Greencore is ‘significantly undervalued’, say analysts

By Mike Stones and Dan Colombini

- Last updated on GMT

Related tags: Convenience foods division, Value added

A robust performance in sandwiches boosted sales at Greencore, which analysts said was undervalued.
A robust performance in sandwiches boosted sales at Greencore, which analysts said was undervalued.
Chilled foods giant Greencore is “significantly undervalued,” according to city analysts Darren Shirley and Clive Black of Shore Capital Stockbrokers.

Last week, Greencore reported turnover up 8.7% to £804M in the year to September 2011. Like-for-like sales climbed 4.3%, boosted by the performance of its Convenience Foods division. Pre-tax profits dropped to £12M from £26M last year.

Shirley and Black said: “We believe Greencore is significantly undervalued, with a 2012 Price Earnings Ratio (PER) at 4.9 times, an earnings before interest, taxes, depreciation, and amortization (EBITDA) of 4.9 times and a dividend yield of 8.2%.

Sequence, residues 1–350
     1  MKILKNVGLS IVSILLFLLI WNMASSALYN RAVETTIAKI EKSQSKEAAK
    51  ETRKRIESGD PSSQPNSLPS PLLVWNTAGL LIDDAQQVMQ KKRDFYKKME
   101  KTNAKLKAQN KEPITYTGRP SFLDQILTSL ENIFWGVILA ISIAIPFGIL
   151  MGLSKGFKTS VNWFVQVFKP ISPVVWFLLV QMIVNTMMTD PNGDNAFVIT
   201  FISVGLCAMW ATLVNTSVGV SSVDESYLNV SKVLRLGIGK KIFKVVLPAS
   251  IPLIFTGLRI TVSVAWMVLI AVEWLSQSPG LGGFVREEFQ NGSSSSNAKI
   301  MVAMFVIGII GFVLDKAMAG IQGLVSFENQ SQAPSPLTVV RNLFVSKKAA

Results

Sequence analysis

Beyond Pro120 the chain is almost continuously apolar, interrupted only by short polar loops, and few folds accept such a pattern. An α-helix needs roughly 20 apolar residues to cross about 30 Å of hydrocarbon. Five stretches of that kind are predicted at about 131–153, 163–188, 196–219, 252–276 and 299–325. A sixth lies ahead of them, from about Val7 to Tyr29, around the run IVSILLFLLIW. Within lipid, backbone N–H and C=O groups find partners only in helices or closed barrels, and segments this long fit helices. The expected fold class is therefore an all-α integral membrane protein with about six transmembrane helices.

“This is more akin to a business in distress rather than one that in our view delivers differentiating value added products to its customers and is in the early stages of improving both profitability and importantly cash generation​.”

Resilient trading

Greencore’s Convenience Foods business reported further resilient trading, according to Black and Shirley, with sales ahead 5.9% (including like-for-like growth of 3.4%) and particularly robust performances in sandwiches, prepared meals and grocery categories. This was offset by a challenging Cakes & Desserts market and issues in yorkshire pudding.

The US business benefited from the On A Roll acquisition, increasing penetration in convenience retails channels. Though we believe the US remains modestly lossmaking for the time being, they added.

The firm’s acquisition of Uniq has also started to show “synergies​” following the takeover in September, according to Black and Shirley.

They said: “As confidence in the virtues of Uniq builds, we believe a €1 share price is achievable in the medium term.”

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